PM Allen Chastanet presented his 2021/2022 election budget to Parliament during the week of April 13th. To judge this administration’s performance, a comparison between Saint Lucia’s economic numbers and other Caribbean islands will be done. This would allow us to judge the economic “leadership” of the current administration more accurately.
2020 GDP Performance
The PM stated the following: “Consequently, Mr. Speaker it is no surprise that the GDP in the Eastern Caribbean Currency Union (ECCU) is now estimated to have contracted by 14.0 percent in 2020. Mr. Speaker, in line with the deep contractions in global and regional economic activity, Saint Lucia’s domestic economy in 2020 is estimated by the Central Statistical Office (CSO) to have contracted by 20.4 percent.”
COVID-19 decimated all the economies across the world. However, due to the current administration policies and economic management the effect on Saint Lucia was significantly worse the average of the ECCU (-20.4% is worse than -14%). Furthermore, the average economic contraction for the ECCU without Saint Lucia included would be roughly -11% with Saint Lucia being close to 10% WORSE than the average of the remaining ECCU islands. Additionally, if the ECCB data was used then difference grows to about 15% due to a contraction of 23.8% from the ECCB data as opposed to a 20.4% contraction reported by Saint Lucia’s CSO.
The 2020 GDP contraction clearly shows that the current administration has performed worse than the rest of the ECCU despite their claims of good economic stewardship.
2021 GDP Projections
The PM stated “An expansion of the global economy of 6.0 percent is now expected for 2021 with growth ranging between 3.3 percent to 6.4 percent for advanced economies including, the US, UK, Canada and the Euro-area. The IMF World Economic Outlook for the Caribbean region projects GDP growth of 3.3 percent for 2021 and 11.1 percent for 2022.” These numbers were all quoted from the recent publication of the IMF World Economic Forecast published in April 2021. Interestingly, the PM did not include the IMF’s April 2021 projections for Saint Lucia which were 3.1% for 2021 and 10.7% for 2022.
Yet again, the 2021 GDP projected growth shows that Saint Lucia is below the average of both the global and Caribbean economy. This is further evidence of the below-average economic leadership of the current administration.
Debt to GDP
The PM stated “The pandemic-induced contraction in economic activity in conjunction with disbursements from rapidly negotiated and secured concessionary debt from regional and international financial institutions (such as the IMF, World Bank, ECCB, EIB and the CDB) resulted in an increase in the debt-to-GDP ratio estimated at 86.5 percent at the end of 2020. An estimated 75.0 percent (or ¾) of the increase in the debt to GDP ratio was due to the sharp contraction in GDP in 2020. The remainder of the increase emanated from an increase in the public debt stock largely related to the pandemic. Mr. Speaker it is important to note that the increase in Saint Lucia’s debt-to-GDP ratio is similar to what occurred in the ECCU region. The debt to GDP ratio for the ECCU as a whole registered an average increase from 67.2 percent in 2019 to 85.6 percent in 2020. An even larger jump was recorded in another OECS State which climbed from 83.1 percent in 2019 to 117.1 percent in 2020.”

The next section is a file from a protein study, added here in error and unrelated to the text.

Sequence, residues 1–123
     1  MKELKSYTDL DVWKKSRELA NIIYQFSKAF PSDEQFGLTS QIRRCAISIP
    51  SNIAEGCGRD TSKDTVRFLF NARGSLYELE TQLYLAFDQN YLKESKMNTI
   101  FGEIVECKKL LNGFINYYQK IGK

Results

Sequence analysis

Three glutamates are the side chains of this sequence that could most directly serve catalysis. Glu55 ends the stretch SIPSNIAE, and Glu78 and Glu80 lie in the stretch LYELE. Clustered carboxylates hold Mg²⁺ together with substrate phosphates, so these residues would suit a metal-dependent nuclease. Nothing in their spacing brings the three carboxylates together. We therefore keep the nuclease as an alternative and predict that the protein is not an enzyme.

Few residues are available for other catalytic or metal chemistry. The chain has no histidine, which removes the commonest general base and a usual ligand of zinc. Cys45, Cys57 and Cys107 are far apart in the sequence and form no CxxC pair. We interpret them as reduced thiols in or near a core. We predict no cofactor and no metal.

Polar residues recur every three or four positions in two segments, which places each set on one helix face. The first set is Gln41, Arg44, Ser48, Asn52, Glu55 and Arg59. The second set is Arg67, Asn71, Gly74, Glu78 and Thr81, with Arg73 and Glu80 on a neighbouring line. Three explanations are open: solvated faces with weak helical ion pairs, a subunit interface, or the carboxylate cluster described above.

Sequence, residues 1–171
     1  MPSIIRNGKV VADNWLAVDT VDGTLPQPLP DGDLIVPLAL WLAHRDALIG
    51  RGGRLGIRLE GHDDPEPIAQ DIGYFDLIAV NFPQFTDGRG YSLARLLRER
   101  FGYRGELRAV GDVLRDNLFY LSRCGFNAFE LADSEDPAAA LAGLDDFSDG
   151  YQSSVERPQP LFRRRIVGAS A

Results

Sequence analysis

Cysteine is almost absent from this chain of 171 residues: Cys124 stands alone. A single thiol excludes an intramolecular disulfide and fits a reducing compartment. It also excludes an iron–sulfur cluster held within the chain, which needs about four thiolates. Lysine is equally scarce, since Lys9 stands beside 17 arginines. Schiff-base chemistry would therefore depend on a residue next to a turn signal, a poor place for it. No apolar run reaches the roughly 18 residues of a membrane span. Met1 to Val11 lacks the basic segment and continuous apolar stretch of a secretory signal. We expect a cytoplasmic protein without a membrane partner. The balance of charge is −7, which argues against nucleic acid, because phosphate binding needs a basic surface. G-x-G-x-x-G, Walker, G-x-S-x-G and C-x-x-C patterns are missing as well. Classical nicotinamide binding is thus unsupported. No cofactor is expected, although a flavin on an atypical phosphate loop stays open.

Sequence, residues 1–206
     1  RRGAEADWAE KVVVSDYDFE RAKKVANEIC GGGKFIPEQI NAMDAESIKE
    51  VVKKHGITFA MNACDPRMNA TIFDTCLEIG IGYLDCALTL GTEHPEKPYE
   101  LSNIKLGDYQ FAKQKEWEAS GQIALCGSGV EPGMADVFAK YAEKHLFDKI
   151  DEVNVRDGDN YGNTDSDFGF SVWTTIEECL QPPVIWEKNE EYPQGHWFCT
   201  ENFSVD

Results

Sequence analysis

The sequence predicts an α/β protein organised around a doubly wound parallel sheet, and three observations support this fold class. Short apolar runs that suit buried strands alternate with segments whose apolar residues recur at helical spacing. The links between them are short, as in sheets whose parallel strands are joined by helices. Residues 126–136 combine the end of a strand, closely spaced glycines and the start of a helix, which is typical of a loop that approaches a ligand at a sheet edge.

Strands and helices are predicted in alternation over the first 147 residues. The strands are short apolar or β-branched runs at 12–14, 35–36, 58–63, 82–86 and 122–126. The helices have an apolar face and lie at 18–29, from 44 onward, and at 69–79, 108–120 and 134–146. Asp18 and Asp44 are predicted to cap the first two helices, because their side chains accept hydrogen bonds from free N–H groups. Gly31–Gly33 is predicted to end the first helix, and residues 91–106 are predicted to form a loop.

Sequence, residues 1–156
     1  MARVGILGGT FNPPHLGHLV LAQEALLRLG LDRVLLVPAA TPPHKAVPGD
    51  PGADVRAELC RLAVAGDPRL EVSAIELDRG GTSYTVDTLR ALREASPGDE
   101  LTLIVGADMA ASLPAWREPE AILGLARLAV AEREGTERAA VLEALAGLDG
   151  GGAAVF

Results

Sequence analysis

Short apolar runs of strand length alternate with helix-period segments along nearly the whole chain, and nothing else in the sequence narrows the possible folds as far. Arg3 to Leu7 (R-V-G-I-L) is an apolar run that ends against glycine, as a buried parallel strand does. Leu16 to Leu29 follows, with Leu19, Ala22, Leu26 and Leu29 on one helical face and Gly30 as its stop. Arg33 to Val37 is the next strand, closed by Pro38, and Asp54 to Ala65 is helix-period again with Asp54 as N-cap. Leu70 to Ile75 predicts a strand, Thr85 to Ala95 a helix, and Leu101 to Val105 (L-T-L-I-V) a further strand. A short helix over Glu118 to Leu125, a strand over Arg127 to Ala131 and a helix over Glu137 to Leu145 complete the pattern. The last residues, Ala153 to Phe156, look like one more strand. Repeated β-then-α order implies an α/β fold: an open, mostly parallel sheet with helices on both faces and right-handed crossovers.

The Saint Lucian PM used the debt to GDP ratio for the entire ECCU from the dashboard data numbers. Eastern Caribbean Central Bank (ECCB) showed that there was an increase in debt to GDP ratio of 18.2% across the ECCU islands. The ECCB Dashboard data shows that Saint Lucia’s debt to GDP ratio increased to 90.85% from 61.6% — an increase of 29.85% in one year. The PM did quote that there was an even larger increase (34%) from Dominica but failed to mention that Saint Lucia had the 2nd highest debt to GDP increase in the ECCU and that numerous other islands such as Grenada and St. Kitts had debt to GDP increases of less than 10% from 2019 to 2020.
Once again, Saint Lucia’s economic numbers for the Debt to GDP ratio increase are among the worst for our ECCU peer group.
The PM stated “We are certain that the unemployment rate which had already been reduced to 16 percent, would have been reduced further. As we indicated with many of the capital investment projects, the roads, the airport, St Jude, the improvements in healthcare and the continued investment in education, we are certain that unemployment would have dropped to single digits.” This is certainly wishful thinking as current numbers indicate “Saint Lucia an unemployment rate of 22.1%, the highest in the Americas. With between one-fifth and one-fourth of the country’s population being unemployed, the small Caribbean island nation has the dubious distinction of being the country with the highest unemployment rate in the region.”
The very high unemployment is evidence that relative to the rest of the Americas the current administration has failed to manage Saint Lucia’s economy effectively during the COVID-19 crisis.
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